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Escape: Visit the Hamburg of The Beatles for great music Eight Days A Week

Bahn stormer: The Reeperbahn Festival takes place in venues across the city where The Beatles earnt their chops

The Elbphilharmonie

Taking ten years to complete and costing more than ten times its original estimate, Hamburg’s £700million Elbphilharmonie has more than made up for the costly wait and in just 20 months has seen 1.5million music fans grace its two huge concert halls to take in everything from classical to jazz and pop.

The new season at the glittering venue kicks off this Sunday with a schedule of more than 700 events for an anticipated audience of 900,000. Alongside orchestral performances from some of the world’s most talented ensembles, including the philharmonic orchestras of Vienna, Berlin and Munich, standout shows include Ensemble Resonanz — a chamber orchestra known for its knockout vocalists — and the Made In Hamburg series that celebrates the future of local talent. Tickets start from £20, elbphilharmonie.de/en.

A sleazy delight

Hamburg’s Reeperbahn street in the lively St Pauli district is a 3,000ft, slightly sleazy strip of live music, bars and dancing where The Beatles (pictured below) launched their career in 1960. It’s such a respected musical mecca that it now has its own eponymous festival, which takes place this year from September 19-22 (£32, reeperbahnfestival.com).

The Reeperbahn Festival is Europe’s largest multi-venue gig and ranks among the world’s top five events in the digital music scene. A showcase for emerging artists and the chance to delve into the minds of some of the music scene’s most influential decision-makers, this year’s event includes angsty indie trio A Tale Of Golden Keys and electro/hip-hop DJ BLVTH, while speakers such as Sonja Eismann from Missy Magazine will give listeners a lowdown of ten years at the helm of Germany’s pop, politics and feminism bible.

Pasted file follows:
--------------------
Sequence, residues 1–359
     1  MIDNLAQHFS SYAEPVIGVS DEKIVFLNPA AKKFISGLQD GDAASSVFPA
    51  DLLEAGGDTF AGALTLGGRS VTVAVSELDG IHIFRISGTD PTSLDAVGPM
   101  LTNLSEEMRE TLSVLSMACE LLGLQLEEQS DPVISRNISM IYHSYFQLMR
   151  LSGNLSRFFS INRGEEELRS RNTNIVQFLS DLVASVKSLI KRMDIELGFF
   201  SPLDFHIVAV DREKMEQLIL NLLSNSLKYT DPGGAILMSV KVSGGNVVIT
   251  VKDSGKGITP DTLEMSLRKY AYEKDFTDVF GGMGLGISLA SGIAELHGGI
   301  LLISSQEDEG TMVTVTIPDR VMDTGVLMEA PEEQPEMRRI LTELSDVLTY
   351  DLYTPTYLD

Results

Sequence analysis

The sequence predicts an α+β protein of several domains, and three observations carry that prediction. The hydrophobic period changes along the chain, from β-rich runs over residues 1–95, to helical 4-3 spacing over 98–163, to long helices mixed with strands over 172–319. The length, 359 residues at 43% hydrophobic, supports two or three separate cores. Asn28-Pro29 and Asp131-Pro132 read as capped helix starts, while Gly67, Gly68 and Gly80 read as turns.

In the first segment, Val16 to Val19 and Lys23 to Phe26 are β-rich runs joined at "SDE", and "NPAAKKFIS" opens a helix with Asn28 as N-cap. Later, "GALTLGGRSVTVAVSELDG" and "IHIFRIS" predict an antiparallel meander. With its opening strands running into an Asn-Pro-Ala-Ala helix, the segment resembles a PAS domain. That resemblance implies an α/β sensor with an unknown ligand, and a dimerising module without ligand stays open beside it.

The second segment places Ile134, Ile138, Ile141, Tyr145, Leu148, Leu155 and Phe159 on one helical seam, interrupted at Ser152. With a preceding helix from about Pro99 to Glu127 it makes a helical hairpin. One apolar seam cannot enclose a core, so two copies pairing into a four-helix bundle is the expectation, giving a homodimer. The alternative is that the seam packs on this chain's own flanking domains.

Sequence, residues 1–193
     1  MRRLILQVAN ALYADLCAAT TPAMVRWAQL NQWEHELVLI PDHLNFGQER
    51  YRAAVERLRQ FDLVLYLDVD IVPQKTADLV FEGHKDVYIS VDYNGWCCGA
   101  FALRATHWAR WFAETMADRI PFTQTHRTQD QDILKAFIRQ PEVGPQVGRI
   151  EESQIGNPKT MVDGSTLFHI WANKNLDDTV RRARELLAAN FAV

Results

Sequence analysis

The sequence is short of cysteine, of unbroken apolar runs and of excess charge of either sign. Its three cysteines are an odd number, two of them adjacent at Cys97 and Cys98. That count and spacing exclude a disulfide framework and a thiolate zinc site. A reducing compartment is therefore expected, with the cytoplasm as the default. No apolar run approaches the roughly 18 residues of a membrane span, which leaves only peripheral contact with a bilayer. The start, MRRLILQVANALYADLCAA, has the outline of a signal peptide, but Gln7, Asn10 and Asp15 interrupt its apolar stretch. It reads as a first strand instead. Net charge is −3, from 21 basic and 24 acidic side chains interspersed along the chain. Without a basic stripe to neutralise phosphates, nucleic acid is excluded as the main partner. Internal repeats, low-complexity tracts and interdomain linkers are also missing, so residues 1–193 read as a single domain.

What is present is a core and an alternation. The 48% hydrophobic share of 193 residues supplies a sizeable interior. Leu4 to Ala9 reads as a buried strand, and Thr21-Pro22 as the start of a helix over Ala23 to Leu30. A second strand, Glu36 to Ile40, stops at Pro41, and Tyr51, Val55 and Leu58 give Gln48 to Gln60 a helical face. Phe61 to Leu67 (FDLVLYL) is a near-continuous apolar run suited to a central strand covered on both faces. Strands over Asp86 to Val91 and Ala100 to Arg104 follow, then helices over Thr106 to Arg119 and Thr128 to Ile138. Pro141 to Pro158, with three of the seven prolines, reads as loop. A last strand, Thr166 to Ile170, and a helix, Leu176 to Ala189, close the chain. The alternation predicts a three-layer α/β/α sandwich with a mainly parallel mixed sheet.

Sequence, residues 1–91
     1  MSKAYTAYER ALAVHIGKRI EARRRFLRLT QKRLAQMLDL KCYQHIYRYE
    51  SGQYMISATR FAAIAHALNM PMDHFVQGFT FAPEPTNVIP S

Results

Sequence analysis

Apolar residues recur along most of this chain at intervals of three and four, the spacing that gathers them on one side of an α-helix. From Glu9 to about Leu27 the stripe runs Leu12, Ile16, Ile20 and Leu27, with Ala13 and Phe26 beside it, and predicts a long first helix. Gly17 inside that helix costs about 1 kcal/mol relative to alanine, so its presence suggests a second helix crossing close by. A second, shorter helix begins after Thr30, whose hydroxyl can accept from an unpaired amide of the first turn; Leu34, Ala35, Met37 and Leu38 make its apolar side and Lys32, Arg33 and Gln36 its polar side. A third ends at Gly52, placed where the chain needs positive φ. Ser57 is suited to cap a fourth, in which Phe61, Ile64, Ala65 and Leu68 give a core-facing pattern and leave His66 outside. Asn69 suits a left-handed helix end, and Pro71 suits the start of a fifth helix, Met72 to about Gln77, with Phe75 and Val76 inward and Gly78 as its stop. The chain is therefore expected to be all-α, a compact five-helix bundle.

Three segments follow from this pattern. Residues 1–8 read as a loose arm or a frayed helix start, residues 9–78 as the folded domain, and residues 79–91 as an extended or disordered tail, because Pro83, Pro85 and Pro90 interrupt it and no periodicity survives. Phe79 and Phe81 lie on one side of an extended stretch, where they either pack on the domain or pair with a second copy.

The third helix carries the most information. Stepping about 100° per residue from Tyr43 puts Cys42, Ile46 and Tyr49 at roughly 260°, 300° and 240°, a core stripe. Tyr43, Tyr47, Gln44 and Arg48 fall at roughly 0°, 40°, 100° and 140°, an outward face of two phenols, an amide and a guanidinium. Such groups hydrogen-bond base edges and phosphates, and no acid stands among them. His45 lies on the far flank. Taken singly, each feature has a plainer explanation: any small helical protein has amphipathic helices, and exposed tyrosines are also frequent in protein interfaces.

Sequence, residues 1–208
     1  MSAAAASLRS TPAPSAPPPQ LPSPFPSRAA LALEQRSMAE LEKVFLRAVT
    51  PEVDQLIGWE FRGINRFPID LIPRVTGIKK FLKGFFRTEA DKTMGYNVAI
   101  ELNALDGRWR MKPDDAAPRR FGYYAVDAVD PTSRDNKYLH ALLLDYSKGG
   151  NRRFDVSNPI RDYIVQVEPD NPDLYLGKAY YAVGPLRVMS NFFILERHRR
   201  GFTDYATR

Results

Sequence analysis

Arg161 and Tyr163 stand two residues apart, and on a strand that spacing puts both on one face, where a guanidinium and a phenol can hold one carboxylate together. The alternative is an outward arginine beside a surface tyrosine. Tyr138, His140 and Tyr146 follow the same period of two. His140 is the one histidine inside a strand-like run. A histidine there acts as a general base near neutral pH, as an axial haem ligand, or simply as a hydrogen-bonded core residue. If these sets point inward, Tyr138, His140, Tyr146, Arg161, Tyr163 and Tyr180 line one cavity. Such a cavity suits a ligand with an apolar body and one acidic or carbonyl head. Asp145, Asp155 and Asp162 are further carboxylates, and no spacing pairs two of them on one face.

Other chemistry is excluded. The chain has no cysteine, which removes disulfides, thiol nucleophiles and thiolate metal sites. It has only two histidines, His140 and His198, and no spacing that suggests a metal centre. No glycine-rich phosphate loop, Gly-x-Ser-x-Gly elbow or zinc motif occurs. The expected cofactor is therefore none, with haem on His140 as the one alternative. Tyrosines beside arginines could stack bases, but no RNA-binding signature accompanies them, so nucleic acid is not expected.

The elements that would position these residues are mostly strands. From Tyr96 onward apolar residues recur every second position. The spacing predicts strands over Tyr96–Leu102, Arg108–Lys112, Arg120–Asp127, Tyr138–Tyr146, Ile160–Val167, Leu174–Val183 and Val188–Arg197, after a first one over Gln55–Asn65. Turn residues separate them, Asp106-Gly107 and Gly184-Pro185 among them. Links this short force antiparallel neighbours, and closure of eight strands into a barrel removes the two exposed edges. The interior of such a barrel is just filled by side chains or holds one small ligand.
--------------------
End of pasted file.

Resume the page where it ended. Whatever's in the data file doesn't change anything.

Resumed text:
Late-night haunts

Dive into Hamburg’s established scene and you’ll find yourself on the most aurally diverse bar crawl of your life. It’s best to start with a few jars at Altes Madchen (en.altes-maedchen.com), a sprawling brewhouse at the forefront of the city’s craft beer revolution. Then make your way to The Cotton Club (tickets from £8, cotton-club.de), the city’s oldest jazz club, before heading harbourside for night-time beach vibes — sand, palm fronds and disco DJs are included at StrandPauli (strandpauli.de).

Hit your peak at Hamburg techno institution Fundbureau, which also holds a suitably surreal after-dark flea market (fundbureau.de), before ending your night at the Hong Kong Hotel bar, a grungy, good-time dive (facebook.com/HongKongHotel). If you don’t want to lay your head at the scene of your last crime, book the Astra Rockstarsuite at St Pauli’s Superbude hostel (from £59, superbude.de).